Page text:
Johnson still haunted by Penn St. loss

Despite going 44-4 in his final four seasons as the coach for the Miami Hurricanes, Jimmy Johnson knows that it is the losses everyone remembers most.

The Hail Flutie game in 1984, for example, or the 1987 Fiesta Bowl upset by Penn State. The 31-30 defeat at Notre Dame, which snapped the Hurricanes’ 36-game winning streak.

“The most devastating loss for me, college or pro, was the loss to Penn State,” said Johnson of the 14-10 shocker in the ’87 Fiesta Bowl, the de facto national championship game that season. “I just went back into the locker room and was completely devastated. That ’86 Miami team was the best I ever had.”

Johnson was in a more cheerful mood on Tuesday as he and 16 other players and coaches were inducted into the College Football Hall of Fame. Along with Johnson, who coached five seasons apiece at Oklahoma State and Miami — the minimum number of seasons for a coach to be considered for induction is 10 — former Tennessee coach Phil Fulmer and former Texas A&M coach R.C. Slocum were also voted into the Hall.

“The most fun time of my life was at the University of Miami,” said Johnson, who currently works as an NFL analyst for FOX. “When you lose two games in four years, that’s a lot of fun.”

The 15 players, among them 1991 Heisman Trophy winner Ty Detmer of BYU, are, in chronological order of the years they played: John Wooten, guard, Colorado; Hal Bedsole, split end, USC; Otis Armstrong, halfback, Purdue; Dave Casper, tight end, Notre Dame; Steve Bartkowski, quarterback, California; Tommy Kramer, quarterback, Rice; Charles Alexander, tailback, LSU; Art Monk, wide receiver, Syracuse; Gabe Rivera, defensive tackle, Texas Tech; Scott Thomas, safety, Air Force; Detmer; Greg Myers, safety, Colorado State; Jonathan Ogden, offensive tackle, UCLA; and Mark Simoneau, linebacker, Kansas State.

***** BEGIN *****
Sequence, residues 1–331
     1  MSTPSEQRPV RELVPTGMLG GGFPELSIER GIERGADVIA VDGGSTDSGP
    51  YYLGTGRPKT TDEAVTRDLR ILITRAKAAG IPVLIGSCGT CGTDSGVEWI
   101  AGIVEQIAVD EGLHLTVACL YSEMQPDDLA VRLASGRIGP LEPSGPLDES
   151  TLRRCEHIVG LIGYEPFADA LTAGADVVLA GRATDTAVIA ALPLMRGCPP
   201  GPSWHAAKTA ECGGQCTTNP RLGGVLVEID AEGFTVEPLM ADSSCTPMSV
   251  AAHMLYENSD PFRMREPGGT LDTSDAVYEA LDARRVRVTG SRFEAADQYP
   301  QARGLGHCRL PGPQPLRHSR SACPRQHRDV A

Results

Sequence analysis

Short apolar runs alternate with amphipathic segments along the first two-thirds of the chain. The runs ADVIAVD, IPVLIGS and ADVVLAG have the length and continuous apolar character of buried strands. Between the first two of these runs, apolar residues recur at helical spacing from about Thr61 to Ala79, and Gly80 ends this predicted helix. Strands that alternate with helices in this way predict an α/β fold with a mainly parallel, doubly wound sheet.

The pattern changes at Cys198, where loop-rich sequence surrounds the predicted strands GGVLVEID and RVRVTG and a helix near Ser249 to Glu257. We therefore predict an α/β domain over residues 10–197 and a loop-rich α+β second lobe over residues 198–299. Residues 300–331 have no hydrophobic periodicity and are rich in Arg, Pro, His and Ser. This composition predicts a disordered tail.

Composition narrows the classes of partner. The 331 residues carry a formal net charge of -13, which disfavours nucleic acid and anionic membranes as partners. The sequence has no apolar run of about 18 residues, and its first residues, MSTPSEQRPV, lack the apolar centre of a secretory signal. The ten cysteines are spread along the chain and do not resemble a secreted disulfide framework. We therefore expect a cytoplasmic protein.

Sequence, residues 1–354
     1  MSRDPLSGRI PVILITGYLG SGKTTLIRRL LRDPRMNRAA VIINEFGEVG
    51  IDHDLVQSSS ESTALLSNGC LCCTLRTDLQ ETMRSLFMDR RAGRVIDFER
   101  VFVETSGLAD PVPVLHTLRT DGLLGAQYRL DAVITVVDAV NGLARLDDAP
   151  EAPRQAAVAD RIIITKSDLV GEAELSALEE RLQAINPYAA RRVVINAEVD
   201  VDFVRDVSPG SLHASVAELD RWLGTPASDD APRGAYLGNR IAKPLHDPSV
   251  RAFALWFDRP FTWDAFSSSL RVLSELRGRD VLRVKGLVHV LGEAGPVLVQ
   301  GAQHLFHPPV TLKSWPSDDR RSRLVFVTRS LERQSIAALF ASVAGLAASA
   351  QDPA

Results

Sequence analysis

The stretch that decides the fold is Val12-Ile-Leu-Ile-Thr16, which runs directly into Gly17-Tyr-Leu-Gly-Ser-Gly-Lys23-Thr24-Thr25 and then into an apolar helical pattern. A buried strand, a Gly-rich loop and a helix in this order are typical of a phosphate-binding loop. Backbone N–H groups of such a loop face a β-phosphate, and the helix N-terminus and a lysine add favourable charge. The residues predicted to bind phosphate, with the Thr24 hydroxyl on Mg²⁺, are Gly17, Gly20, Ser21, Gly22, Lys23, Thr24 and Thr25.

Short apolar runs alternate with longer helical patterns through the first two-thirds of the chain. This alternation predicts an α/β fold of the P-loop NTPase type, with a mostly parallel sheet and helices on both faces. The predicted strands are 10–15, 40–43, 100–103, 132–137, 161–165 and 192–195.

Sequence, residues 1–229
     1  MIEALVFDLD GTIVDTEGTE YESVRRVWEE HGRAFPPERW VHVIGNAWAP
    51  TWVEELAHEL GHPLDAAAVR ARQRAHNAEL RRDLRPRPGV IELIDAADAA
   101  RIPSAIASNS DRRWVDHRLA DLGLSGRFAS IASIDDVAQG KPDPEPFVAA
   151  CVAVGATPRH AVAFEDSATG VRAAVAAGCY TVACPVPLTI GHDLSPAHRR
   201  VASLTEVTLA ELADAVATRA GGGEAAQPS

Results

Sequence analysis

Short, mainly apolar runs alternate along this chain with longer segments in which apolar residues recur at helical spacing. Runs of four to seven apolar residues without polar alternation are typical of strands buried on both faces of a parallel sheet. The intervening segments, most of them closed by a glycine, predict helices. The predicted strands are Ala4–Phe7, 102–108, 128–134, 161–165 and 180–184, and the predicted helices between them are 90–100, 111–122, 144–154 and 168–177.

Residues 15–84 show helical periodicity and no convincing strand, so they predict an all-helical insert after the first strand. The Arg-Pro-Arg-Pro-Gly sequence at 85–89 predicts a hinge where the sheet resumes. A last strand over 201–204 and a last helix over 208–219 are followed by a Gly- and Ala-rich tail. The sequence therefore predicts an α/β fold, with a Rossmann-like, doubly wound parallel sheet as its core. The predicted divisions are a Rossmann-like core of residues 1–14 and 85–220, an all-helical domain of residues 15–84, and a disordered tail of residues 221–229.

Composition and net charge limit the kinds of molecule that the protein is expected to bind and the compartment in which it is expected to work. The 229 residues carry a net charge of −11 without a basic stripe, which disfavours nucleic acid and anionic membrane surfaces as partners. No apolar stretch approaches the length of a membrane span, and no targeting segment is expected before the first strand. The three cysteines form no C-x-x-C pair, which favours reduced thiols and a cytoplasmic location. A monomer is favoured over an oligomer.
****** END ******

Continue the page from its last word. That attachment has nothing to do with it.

Bartkowski, who like former Stanford QB Andrew Luck was a Bay Area collegiate passer that became the first overall pick in the NFL Draft, was also at the NASDAQ headquarters in Times Square for the announcement. The 1974 Cal grad was an All-American in both football and baseball while at Berkeley. When asked how he felt about the possibility of players missing additional class time for an expanded playoff, Bartkowski, 59, replied, “I went to sports and played school at Cal.”

Detmer was the lone Heisman Trophy winner to be inducted into this year’s class and one of a pair of two-time consensus first team All-Americans. The other was LSU’s Alexander, alias “Alexander the Great”, who became the first running back in SEC history to rush for more than 4,000 yards and 40 touchdowns.

Monk, one of two players inducted who has already been inducted into the Pro Football Hall of Fame (the other is Casper), is currently suing both the NFL and helmet manufacturer Riddell for failing to protect him against the impact of concussions suffered during his 16-year NFL career.

The College Football Hall of Fame is in the process of relocating from South Bend, Ind., to Atlanta. Steve Hatchell, president of the National Football Foundation, said the new Hall plans to open its doors in autumn of 2014.